Ironic thing is, so far anyway, college years were by far the best years of my life. Living in a college town in which car-non-ownership is actually feasible was Freedom Itself. Also by far the closest to a normal social life I have ever experienced. Never before or since have I gotten my friend count above the half dozen mark or so.

        Oh, and another thing. For my foreign language requirement I took Russian. I really really wanted to go non-Indo-European on that one, but there was this thing in the math section of the college catalog that said that most graduate programs expect students to be able to read, pick 2, of French, German, Russian. Having had French in high school, clearly Russian was the only respectable choice. But getting back to the proverbial time machine, I’d tell pathetically naive youthful self, read it again, it didn’t say anything about having akademichiski kredit for these pedestrian Frankish or Germanic languages, or this interesting but nevertheless Indo-European slavic language, and even you’re old enough to know that a math paper in Russian is 10% Russian and 90% math. Take what you WANT, GIRL!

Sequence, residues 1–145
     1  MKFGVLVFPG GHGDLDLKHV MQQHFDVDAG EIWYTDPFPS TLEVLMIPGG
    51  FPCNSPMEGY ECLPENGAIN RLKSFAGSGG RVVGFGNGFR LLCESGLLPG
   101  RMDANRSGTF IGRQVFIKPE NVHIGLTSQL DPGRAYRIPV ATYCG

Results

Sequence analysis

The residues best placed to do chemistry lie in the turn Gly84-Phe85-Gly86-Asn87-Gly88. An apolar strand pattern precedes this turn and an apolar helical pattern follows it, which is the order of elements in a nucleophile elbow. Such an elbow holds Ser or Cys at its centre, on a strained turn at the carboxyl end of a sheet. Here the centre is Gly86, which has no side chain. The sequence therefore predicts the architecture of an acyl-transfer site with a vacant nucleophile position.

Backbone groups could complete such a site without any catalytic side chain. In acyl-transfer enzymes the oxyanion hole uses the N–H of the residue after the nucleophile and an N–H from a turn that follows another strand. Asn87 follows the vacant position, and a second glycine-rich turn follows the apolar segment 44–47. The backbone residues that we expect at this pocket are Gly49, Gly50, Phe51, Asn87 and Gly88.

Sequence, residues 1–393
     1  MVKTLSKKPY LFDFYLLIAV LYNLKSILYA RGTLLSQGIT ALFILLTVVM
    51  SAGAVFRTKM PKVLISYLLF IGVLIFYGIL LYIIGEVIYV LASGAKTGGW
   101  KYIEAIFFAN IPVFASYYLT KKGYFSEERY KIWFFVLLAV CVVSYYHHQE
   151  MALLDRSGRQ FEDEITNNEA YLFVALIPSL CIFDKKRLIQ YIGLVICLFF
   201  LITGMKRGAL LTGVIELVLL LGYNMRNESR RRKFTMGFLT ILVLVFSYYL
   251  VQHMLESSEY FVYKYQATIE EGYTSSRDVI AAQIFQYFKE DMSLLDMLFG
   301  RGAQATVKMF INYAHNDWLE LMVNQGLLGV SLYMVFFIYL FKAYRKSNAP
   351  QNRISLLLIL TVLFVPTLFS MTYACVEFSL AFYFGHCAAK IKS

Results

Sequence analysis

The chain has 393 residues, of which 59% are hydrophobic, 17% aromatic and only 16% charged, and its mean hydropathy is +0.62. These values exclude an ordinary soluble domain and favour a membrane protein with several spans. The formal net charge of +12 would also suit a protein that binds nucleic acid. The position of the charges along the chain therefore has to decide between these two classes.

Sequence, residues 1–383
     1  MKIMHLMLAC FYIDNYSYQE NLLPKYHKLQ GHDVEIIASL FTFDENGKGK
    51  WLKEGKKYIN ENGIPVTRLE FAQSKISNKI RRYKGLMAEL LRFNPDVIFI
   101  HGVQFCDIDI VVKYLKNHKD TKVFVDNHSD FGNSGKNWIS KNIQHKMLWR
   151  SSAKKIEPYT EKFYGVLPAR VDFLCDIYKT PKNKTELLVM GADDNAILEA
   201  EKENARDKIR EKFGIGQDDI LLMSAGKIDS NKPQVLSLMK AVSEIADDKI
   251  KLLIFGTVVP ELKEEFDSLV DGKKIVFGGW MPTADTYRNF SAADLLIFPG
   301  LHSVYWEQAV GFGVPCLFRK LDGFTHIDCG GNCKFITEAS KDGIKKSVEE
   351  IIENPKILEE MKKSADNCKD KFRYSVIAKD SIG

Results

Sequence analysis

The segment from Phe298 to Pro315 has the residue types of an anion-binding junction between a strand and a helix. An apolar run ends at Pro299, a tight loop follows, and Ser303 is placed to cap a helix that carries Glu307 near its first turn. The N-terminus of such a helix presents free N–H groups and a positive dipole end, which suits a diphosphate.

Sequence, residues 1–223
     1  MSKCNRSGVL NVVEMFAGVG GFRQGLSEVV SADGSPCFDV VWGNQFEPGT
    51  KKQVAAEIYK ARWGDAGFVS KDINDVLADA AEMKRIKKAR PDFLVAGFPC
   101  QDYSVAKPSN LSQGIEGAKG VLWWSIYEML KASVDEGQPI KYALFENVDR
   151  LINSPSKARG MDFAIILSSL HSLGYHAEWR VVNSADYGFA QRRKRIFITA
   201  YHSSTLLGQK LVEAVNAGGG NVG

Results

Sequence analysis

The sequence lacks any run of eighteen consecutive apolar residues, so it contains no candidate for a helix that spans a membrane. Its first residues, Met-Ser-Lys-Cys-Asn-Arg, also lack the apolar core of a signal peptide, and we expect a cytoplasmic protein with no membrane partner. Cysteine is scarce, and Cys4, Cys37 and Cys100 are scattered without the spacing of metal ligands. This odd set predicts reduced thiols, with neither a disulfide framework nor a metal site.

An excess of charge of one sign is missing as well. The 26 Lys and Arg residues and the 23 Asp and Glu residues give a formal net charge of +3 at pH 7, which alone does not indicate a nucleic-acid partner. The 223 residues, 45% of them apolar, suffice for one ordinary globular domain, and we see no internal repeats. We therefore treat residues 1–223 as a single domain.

Anyway, more later. This is ultra-heavy for a comment to a comment. Just trying to answer the question in the spirit in which it was asked, though.


        1. “Some good news: I just did the math, and it turns out I’m still only 46.”

          – You write like a very young person, which I think is great.

          Lori, have you considered contacting a professional job recruiter? Many job recruiters suck but if you do happen to find good, professional one, it can be really helpful. The good thing is that they don’t charge you a penny, so you never get to pay anything for their services whether they help or not.

          “Being asked to do dangerous tasks is a lesser evil than being asked to sell stuff.”

          – For me, anything is better than being in sales. Gosh, I’d just die. This is why it bugs me when I’m asked to act as a sort of a salesperson at work, selling our program to students and their parents.

          “Of the things I do as hobbies, writing and debugging code is what I enjoy most, followed by writing stuff like this (i.e. blogging).”

          – Social media specialists are in quite a demand nowadays.


  5. Actually teaching high school / community college Spanish is something you can get into at quite a late age. It’s really expanding and they appreciate good people.


    1. “Really??? What are the hallmarks of youthful writing, anyway?”

      – Enthusiasm, passion, thirst for knowledge, receptivity to new ideas.

      Old people keep repeating the same thing like broken records. 🙂 Young people always say something new and unexpected.

      I hope everybody understands that I don’t use “old” and “young” as chronological categories.